A shelf of garden gnomes, many of them holding welcome signs

We all start somewhere — many of us with D&D, although certainly there are a myriad of entry points to gaming. Whatever you start with ends up being the thing you’re most comfortable with, because it’s the thing you’ve been doing the longest. I started in D&D and moved over to Pathfinder; it took me years to understand why I might want to play other games, and now I have to remember there was a time that I didn’t care to. Sometimes when you play a lot of different games, it’s easy to be a snoot about it: we all like to have a reason to feel special. 

Any creative endeavor, especially a new one, requires a space that makes failure safe, and role playing in a new way or a new game is no different.
We need to be done with that. People will not be excited to play games that are different and potentially a bit intimidating, games that require mastery of a whole new rules set or even a whole new set of skills, if all they see is a bunch of folks looking down their noses at the fun that brought them into gaming to begin with. It’s far more exciting to share – to introduce people to new games and new styles and new experiences. When I’m trying to show someone new the best face of small book gaming, the last thing I want is for them to feel unwelcome, uncomfortable, or scared of not doing it right. Any creative endeavor, especially a new one, requires a space that makes failure safe, and role playing in a new way or a new game is no different.

I was lucky enough to be the custodian of two first forays into indie gaming this year at two different Turning Point tables. The first was someone who had never played an RPG before up to that weekend, she hadn’t played anything even like it. She walked in looking for exactly the kind of experience Turning Point creates, with no prior expectations, and we had a wonderful game (you can actually read her follow up here). We played the game as written the mechanics for Turning Point are very light, and it’s written as a one shot game, so mechanical mastery for new people is not a big issue. With no previous assumptions, it was easy to slip into the scene by scene, modern slice of life feel Turning Point defaults to. 

The second was someone who had gotten back into D&D and was looking to expand her horizons and play new things she hadn’t played before, and we also had a wonderful game, although it was very different. With the knowledge of her previous experience in hand, and knowing that Turning Point feels very different from AL D&D, one of my other players had the brilliant idea to move our setting for that game to be a high magic fantasy setting with the familiar trappings. It’s not that a current modern setting isn’t (of course) familiar to everyone, but that sitting down to a game table, a high fantasy setting can feel more normal if that’s what you’re used to. The neat thing about Turning Point is that as long as the decision that the character is faced with makes sense in the setting you choose, and as long as you’re all invested in the stakes of that decision and they feel important to you, the when and where of your setting doesn’t particularly matter. I’m always pleased when I can make a game be the thing the players want it to be, especially when it’s my game!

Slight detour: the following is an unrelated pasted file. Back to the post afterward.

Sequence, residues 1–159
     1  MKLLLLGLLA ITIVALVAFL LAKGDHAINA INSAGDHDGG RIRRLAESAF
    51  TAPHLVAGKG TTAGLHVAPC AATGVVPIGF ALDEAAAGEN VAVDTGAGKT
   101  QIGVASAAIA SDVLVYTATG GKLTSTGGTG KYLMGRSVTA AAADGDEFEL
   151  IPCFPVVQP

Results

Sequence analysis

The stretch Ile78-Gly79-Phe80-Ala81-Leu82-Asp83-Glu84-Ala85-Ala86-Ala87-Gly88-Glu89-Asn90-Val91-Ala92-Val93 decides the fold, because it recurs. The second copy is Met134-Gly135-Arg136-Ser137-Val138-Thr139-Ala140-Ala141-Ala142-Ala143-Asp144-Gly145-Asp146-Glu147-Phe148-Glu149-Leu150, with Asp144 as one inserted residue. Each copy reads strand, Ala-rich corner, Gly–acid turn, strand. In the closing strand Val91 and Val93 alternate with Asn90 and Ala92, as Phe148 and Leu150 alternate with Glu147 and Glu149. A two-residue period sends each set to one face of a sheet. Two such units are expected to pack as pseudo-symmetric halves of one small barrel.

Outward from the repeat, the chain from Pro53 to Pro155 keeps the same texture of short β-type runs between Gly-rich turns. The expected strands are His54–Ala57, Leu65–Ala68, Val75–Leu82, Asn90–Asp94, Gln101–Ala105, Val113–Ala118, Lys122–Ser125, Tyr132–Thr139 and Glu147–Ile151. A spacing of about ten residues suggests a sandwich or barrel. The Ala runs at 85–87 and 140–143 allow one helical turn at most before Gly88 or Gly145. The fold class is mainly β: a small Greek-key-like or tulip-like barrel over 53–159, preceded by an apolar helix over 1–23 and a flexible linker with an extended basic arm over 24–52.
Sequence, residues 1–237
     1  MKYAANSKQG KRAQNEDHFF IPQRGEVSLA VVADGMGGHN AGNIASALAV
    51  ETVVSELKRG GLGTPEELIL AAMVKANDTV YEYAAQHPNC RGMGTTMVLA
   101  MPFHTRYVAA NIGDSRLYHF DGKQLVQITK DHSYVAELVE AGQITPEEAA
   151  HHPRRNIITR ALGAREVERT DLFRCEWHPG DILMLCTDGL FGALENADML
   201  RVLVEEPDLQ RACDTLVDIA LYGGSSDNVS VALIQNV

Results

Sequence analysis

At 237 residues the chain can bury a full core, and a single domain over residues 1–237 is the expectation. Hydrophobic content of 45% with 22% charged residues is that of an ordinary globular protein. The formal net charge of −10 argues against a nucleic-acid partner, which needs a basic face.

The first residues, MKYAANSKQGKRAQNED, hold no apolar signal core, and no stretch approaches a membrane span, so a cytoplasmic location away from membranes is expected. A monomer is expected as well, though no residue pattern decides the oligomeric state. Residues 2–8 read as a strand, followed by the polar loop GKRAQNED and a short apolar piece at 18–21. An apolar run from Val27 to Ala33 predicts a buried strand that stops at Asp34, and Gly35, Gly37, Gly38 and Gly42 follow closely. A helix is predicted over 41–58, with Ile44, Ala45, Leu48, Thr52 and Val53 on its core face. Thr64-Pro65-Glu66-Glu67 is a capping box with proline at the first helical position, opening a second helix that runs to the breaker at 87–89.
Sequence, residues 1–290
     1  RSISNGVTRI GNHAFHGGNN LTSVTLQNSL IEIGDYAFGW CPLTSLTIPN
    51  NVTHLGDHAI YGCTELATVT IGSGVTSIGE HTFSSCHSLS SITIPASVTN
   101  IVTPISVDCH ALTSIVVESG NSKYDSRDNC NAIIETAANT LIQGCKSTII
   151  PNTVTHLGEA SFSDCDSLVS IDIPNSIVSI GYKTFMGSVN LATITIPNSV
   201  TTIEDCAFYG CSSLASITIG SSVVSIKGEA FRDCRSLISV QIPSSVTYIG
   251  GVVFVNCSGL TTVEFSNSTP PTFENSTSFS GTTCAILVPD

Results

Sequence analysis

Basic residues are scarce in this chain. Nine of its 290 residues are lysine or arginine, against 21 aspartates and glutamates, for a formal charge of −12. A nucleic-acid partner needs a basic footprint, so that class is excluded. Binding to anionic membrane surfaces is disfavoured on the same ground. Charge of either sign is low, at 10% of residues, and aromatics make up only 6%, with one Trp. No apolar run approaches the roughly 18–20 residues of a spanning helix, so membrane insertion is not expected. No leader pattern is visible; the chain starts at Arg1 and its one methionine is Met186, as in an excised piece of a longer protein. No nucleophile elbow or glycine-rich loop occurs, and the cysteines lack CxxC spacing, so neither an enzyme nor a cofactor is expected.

Even though these two scenarios are somewhat different, there are three key things that worked for me about how I approached them. 

  • Player investment: even more than usual, it’s important that people new to this experience are invested, and quickly. A player who is bored at a table is less likely try any other similar games. As a facilitator of a first experience, the best thing I can do is get everyone on board and excited as quickly as possible. Of course, this can be potentially harder than with an experienced table – a player new to a particular style of gaming may be less familiar with some of the expectations. In Turning Point, it’s all about creating stakes and investment proactively.
  • Don’t use inside language: At one point in explaining Turning Point, I unthinkingly described one of the roles as being like the NPC. For someone who had never played an RPG before, what an arcane reference that was! A quick rethink on how I talked about that role in the game immediately solved the language barrier. Don’t create communication issues by using technical terminology unless you define it first. 
  • Don’t treat people like they are dumb if they don’t know the rules: This applies to the game rules, your table safety, etc. – don’t make anyone feel bad for not knowing the assumed table culture of a game, or for not having read the book before they came. Explain it and don’t be patronizing. For new people and many people coming from D&D, their first story game experience may also be their first experience with safety tools. It was therefore even more important to me that I made the tools themselves clear, as well as the culture of safety at my tables in which the tools can be used without judgement. 

I believe in our ability to share the joy of story games and indie games with anyone who is interested, and I believe in making gaming fun, safe, and welcoming. Really when it comes down to it, welcoming new people to any table is about that – making an environment where failure doesn’t mean disaster or shame, where getting investment and ideas alive is your primary goal. We’ve always told stories, and we’ve always played pretend. The games will speak for themselves to our human nature if we let them. All they need is a table where they can shine. 

You can check out the QuickStart for Turning Point now on DriveThruRPG!

When was the last time you had someone new at your table, or ran a game for someone who’d never played it before? How did it go? Are there any key points I missed?